O’CONOR, Roderic

Roderic O’Conor 1860–1940

Irish painter and printmaker. He studied at the Metropolitan School of Art in Dublin and at the Royal Hibernian Academy(1879–83), before attending the Académie Royale des Beaux-Arts in Antwerp (1883–4). He returned to Ireland but soon moved to Paris, and he continued to exhibit there until 1908.

In his earliest French landscapes O’Conor was influenced by the Impressionists. O’Conor’s preference for rich colour contrasts and thick textures came to the fore in landscapes of Brittany between 1892 and 1895 in which he applied the paint in long, parallel stripes of colour. O’Conor’s etchings are rhythmically drawn and boldly expressed linear interpretations of the landscape at Le Pouldu.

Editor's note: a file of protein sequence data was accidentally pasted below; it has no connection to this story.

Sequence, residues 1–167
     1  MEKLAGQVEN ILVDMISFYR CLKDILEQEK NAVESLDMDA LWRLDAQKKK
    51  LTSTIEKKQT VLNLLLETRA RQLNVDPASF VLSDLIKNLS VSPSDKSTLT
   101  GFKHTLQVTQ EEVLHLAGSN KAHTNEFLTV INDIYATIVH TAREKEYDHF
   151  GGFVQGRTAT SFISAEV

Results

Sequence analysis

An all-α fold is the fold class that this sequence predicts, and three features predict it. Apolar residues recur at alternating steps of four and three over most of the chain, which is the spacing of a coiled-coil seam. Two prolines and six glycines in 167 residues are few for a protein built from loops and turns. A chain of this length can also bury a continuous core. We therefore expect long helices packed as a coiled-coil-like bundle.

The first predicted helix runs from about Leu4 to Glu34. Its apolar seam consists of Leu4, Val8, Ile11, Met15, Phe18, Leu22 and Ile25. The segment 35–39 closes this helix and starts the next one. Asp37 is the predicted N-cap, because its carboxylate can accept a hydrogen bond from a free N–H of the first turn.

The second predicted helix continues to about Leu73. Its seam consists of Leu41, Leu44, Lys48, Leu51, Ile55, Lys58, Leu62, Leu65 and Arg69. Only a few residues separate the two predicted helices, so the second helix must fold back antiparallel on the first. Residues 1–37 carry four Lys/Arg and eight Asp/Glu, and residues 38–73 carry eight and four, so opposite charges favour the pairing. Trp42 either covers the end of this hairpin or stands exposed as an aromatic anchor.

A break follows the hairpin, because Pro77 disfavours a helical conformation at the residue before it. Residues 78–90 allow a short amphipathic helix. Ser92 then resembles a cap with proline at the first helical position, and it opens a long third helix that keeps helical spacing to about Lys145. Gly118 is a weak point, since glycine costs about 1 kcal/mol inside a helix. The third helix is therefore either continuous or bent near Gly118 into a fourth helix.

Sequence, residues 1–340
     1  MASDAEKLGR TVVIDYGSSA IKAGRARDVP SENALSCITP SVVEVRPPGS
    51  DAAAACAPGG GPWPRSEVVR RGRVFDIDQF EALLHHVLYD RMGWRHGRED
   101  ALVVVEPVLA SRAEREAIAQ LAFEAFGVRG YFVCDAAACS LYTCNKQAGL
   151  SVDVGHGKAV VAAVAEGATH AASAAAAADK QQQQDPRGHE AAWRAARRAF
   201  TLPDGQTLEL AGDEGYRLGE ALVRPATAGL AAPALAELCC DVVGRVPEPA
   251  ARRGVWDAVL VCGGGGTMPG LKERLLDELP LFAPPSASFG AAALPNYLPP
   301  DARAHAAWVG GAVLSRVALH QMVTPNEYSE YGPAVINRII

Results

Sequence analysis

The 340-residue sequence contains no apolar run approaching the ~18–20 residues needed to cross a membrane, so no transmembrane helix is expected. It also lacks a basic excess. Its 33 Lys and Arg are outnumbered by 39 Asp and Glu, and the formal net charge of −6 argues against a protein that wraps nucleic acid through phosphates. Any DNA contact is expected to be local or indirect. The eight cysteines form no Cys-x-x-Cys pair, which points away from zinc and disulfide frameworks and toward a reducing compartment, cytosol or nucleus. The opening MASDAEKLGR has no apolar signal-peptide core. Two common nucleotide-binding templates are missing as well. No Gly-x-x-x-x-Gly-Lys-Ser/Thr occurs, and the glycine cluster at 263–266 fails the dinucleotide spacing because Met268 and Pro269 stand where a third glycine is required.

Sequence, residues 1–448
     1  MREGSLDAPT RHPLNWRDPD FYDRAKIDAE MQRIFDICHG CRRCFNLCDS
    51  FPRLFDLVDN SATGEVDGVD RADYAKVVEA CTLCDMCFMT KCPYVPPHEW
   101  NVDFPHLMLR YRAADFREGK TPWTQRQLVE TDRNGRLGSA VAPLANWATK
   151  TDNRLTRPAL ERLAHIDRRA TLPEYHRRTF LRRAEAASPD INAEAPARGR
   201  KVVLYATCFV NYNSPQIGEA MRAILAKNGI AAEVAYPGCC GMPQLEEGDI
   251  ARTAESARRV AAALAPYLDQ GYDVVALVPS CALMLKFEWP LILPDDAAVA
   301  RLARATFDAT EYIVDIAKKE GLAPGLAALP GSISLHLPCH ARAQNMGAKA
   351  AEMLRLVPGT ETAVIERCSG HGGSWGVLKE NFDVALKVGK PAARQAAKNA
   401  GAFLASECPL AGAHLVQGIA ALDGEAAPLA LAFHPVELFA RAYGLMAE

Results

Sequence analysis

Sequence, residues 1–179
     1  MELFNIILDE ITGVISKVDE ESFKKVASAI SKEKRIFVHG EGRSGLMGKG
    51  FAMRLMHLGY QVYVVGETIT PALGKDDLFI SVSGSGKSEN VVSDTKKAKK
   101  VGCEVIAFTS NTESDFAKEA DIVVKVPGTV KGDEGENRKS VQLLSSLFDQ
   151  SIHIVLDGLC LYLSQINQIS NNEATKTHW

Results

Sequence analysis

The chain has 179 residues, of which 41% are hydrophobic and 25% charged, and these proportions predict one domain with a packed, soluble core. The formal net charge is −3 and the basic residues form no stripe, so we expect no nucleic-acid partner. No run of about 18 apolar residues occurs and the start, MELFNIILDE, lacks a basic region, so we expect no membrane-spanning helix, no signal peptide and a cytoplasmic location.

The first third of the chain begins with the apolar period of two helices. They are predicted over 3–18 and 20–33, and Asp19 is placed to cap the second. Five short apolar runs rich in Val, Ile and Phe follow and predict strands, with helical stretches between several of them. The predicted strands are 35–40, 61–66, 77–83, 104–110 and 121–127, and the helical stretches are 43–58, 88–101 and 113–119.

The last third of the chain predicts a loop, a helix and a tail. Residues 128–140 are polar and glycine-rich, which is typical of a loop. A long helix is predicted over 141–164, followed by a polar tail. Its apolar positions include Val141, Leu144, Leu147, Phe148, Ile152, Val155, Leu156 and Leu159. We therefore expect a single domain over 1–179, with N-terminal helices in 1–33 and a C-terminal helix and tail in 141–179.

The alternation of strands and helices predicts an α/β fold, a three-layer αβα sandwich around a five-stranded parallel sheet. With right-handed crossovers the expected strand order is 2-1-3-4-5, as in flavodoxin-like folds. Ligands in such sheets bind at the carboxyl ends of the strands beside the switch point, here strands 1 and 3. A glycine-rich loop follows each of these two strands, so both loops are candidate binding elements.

O’Conor’s later work in Brittany became more conservative, although a number of pictures of the rocky coastline from 1898 are particularly vigorous and expressionist in feeling. He moved to Paris in 1904, exhibiting for many years at the Salon d’Automne and painting numerous still-life groups, portraits and nudes, often experimenting with different approaches and techniques. Later paintings are more heavily textured his still-lifes and nudes showing extensive use of the palette-knife. Known to have had a formidable personality, O’Conor was a dominant figure among a group of artists and writers, including Clive Bell and W. Somerset Maugham. Near the end of his life O’Conor married his former model and mistress, Renée Honta.

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